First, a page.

It seems the following.

In general the answer is no, because compactness does not imply sequential compactness. Let $\Bbb T=\{z\in\Bbb C:|z|=1\}$ be the unit circle endowed with the standard topology. Put $G={\Bbb T}^{\Bbb T}$. By Tychonov Theorem, $G$ is a compact space. Let $K=\{e\}$ be the trivial subgroup of $G$. Select an element $g=(g_z)_{z\in\Bbb T}\in G$ such that $g_z=z$ for each $z\in\Bbb T$. Suppose that there exists an increasing sequence $\{i_n\}$ of positive integers such that the sequence $\{g^{i_n}\}$ converges to the unit of the group $G$. Let $U_0=\{z\in\Bbb T: \operatorname{Re} z\ge 0\}$ be a neighborhood of the unit of the group $\Bbb T$. For each angle $z\in \Bbb T $ we can choose a number $n_z$ such that $i_nz\in U_0$ for each $n>n_z$. For each natural number $n$ put $G_n=\{z\in\Bbb T:n_z=n\}$. The continuity of power on the group $\Bbb T$ implies that the set $G_n$ is closed for each natural number $n$. Since $G=\bigcup_{n\in\Bbb N} G_n$, Baire Theorem implies that there exists a number $m$ such that a set $G_m$ has non-empty interior. Therefore there exists an open arc $U\subset G_m$ of the circle $\Bbb T$. Since the sequence $\{i_n\}$ is increasing, there exists a number $n>m$ such that $i_n>1/\mu(U)$, where $\mu$ is the standard measure on $\Bbb T$ such that $\mu(\Bbb T)=1$. But then $U_0\supset i_nG_m\supset i_n\overline U=\Bbb T$, a contradiction.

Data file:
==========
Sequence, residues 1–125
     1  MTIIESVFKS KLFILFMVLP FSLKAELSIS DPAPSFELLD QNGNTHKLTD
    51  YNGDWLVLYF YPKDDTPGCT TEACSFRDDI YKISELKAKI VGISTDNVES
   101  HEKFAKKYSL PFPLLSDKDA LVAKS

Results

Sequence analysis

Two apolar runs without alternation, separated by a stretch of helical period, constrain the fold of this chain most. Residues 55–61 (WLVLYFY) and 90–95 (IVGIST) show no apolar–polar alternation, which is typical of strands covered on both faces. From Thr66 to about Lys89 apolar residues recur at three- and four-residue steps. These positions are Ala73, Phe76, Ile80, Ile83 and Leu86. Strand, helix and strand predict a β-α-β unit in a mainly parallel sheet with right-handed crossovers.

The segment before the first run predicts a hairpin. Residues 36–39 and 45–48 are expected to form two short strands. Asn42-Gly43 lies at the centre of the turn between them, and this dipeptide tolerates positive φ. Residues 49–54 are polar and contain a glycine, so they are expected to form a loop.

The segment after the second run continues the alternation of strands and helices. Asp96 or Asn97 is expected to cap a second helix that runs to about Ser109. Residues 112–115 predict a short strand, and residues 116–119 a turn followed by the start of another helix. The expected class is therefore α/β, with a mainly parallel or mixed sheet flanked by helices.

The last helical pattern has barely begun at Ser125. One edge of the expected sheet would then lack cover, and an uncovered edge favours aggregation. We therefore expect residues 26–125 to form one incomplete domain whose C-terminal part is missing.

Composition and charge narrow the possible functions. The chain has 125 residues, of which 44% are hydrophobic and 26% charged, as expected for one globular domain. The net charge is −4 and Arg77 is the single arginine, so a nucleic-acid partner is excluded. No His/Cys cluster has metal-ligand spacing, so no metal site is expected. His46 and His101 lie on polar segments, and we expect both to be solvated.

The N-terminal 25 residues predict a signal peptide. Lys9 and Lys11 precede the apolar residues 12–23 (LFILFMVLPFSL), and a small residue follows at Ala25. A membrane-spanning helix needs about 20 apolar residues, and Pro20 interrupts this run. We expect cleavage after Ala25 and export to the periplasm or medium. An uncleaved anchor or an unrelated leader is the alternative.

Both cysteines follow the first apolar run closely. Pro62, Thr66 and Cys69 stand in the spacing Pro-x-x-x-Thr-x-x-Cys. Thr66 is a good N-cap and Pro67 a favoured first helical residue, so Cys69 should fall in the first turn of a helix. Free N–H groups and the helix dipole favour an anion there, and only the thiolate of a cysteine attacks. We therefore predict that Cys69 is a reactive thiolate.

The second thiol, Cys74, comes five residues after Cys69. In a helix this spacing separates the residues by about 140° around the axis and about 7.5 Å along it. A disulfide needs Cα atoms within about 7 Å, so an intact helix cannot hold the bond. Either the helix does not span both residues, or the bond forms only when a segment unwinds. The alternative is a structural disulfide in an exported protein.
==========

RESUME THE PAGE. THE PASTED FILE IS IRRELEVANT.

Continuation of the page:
I hope you will be almost happy with this **addendum**. Let $G$ be a Hausdorff totally disconnected and locally compact topological group, $K$ be a cocompact *normal* subgroup of the group $G$ and $g\in G$. For each $n$ put $i_n=n!$. I claim that a sequence $\{g^{i_n}K\}$ converges to $K$ in the coset space $G/K$. Indeed, by [Pon, Theorem 16], the group $G$ has a base $\mathcal B$ at the unit consisting of its open compact subgroups. Let $H\in\mathcal B$ be an arbitrary group. Since the group $K$ is normal then $HK$ is a group. Since $\{hHK: h\in G\}$ is an open cover of the compact space $G/K$, there exists a finite subset $F$ of the group $G$ such that $G=\bigcup\{hHK: h\in G\}$. Then the pigeonhole principle implies that there exist natural numbers $k<l$ and an element $h\in F$ such that $g^k,g^l\in hHK$. Then $g^{l-k}\in K^{-1}H^{-1}h^{-1}hHK=KHK=HK$. Since the set $HK$ is a group, $g^{i_n}\in HK$ for each $n\ge l-k$.

[Pon] Lev S. Pontrjagin, *Continuous groups*, 2nd ed., M., (1954) (in Russian).